The government has proposed allowing delivery of goods by drones, paving the way for commercial applications in the field. In drone policy 2.0, unveiled on Tuesday, the government has proposed permitting their operations beyond the visual line of sight.
“Commercial UAS (unmanned aerial system) operations will foster various new forms of air freight capabilities, such as creation of supply chain relay networks for delivery of payload, transport of temperature-sensitive commodities like bodily organs, emergency or just-in-time deliveries of life-saving medicines or safe blood for transfusions and collection of patient specimens for delivery to laboratory for time-sensitive testing,” the document said. The updated version of drone policy was unveiled by Minister of State for Civil Aviation Jayant Sinha at the Global Aviation Summit.
“There are opportunities for our aviation sector and for India's start-up industry as India is set to become a global leader as far as the drone ecosystem is concerned. It's important for us to have a policy road map and regulations that support the growth of the drone ecosystem,” Sinha said.
However, the proposal is a recommendation and a task force led by the civil aviation secretary and the director general of civil aviation finalise the guidelines. “The technical specifications and finer details will be finalised by the task force,” the person said.
E-commerce major Amazon has used a drone to deliver a bag of popcorn to an address in rural England in the first commercial outing for a technology that is the US group’s boldest step towards automating deliveries.
For the same purpose, the government intends to build ports where drones can land and take off.
“Droneports are proposed to be designated areas dedicated to facilitate take-off and landing of the drones. Licensing of such ports may be granted by the authorities concerned upon meeting the prescribed technical specification,” the document says.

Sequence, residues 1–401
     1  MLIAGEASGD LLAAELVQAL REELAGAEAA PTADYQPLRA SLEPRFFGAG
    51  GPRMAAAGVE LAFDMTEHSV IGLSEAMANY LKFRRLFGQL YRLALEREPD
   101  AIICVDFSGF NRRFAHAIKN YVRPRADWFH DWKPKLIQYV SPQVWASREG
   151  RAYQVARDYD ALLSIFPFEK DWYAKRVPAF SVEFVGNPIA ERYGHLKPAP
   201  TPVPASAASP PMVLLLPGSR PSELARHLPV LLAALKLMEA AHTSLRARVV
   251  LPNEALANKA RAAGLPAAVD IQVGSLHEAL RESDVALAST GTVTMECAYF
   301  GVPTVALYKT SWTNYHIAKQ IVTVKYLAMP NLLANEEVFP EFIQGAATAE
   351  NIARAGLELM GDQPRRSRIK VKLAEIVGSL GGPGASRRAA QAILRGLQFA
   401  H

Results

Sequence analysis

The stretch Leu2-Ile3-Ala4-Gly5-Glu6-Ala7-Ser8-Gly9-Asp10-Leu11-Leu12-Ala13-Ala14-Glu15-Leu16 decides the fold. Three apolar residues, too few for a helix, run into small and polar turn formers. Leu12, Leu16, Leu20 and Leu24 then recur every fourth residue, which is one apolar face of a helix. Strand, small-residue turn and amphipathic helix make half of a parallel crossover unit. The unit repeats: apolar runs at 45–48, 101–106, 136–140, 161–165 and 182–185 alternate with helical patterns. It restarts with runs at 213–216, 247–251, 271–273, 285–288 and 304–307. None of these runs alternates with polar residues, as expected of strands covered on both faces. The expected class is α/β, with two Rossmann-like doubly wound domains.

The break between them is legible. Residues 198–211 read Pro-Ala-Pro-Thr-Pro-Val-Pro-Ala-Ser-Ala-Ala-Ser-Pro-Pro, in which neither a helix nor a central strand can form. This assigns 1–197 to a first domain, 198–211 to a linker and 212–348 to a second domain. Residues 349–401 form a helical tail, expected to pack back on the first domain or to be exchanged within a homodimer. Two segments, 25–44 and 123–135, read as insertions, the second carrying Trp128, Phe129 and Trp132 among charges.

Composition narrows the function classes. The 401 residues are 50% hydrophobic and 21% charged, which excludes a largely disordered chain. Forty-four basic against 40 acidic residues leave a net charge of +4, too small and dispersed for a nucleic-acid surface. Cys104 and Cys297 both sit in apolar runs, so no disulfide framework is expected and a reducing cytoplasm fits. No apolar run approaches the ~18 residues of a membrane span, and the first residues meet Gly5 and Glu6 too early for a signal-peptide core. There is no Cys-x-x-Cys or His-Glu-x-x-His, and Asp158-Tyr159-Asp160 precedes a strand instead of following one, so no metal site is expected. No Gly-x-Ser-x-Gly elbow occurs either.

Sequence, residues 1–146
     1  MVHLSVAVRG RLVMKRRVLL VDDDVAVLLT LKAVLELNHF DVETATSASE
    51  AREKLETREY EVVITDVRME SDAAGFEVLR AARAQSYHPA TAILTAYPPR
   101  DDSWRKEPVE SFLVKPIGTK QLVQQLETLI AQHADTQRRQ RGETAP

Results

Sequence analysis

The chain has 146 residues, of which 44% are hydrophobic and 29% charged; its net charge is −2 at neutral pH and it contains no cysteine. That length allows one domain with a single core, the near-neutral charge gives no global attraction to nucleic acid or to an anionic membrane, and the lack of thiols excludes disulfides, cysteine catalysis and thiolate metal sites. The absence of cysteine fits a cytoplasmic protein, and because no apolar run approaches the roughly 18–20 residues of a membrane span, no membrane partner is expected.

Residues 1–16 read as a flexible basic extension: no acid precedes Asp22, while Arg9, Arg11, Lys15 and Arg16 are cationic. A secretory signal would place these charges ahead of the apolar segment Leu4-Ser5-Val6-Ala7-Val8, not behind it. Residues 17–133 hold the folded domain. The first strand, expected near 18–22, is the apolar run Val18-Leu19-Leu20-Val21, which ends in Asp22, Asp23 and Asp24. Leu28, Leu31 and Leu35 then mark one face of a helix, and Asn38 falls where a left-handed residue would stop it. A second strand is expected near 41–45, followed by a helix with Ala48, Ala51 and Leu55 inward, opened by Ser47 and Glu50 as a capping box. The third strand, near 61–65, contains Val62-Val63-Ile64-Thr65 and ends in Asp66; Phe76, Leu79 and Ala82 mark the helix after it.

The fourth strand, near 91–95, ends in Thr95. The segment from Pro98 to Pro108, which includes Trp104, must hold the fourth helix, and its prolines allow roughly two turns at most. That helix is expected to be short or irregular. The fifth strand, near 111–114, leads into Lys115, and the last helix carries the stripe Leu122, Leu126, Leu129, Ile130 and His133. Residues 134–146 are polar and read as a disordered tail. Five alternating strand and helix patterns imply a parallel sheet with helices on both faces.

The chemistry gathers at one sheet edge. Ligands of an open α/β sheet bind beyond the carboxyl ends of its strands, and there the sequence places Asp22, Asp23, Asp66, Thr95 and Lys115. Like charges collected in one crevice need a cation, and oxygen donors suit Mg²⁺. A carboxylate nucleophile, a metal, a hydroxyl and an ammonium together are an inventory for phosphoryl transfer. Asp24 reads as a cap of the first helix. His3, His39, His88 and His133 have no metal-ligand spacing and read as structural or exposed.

In August, the ministry released the first version of drone policy, which makes it legal for individuals and companies to operate drones in certain areas other than those barred for security reasons. The ministry, however, held back approval of the commercial use of drones as taxis, delivery vehicles, and other services.
According to the regulations, there are five categories of drones by weight: Nano, micro, small, medium and large. For flying in controlled airspace, the filing of a flight plan and obtaining Air Defence Clearance (ADC)/Flight Information Centre (FIC) number will be necessary. The regulation defines “no-drone zones” as areas around airports, near the international border, Vijay Chowk in New Delhi, state secretariat complexes in state capitals, and strategic locations and vital military installations.
A case under the Indian Penal Code can be filed for flying a drone in a prohibited zone.
This is a “forward-thinking step by the government, and will change the whole delivery model”, said Rabindra Jhunjhunwala, partner at law firm Khaitan & Co. “At the same time appropriate safety nets will have to be built. The devil will lie in the detail,” he added.
Drone manufacturers, however, said the government had been conservative in its policy. An executive of a Bengaluru-based drone manufacturer said any drone intended for commercial use like delivery of payload would invariably weigh more than 2 kg and fall in the bracket of a medium to large category, needing permission every time it is operated. “This will increase the regulatory hurdle,” he said.
However, Sinha stressed the importance of safety and said it was important to take measures which would keep the airspace safe.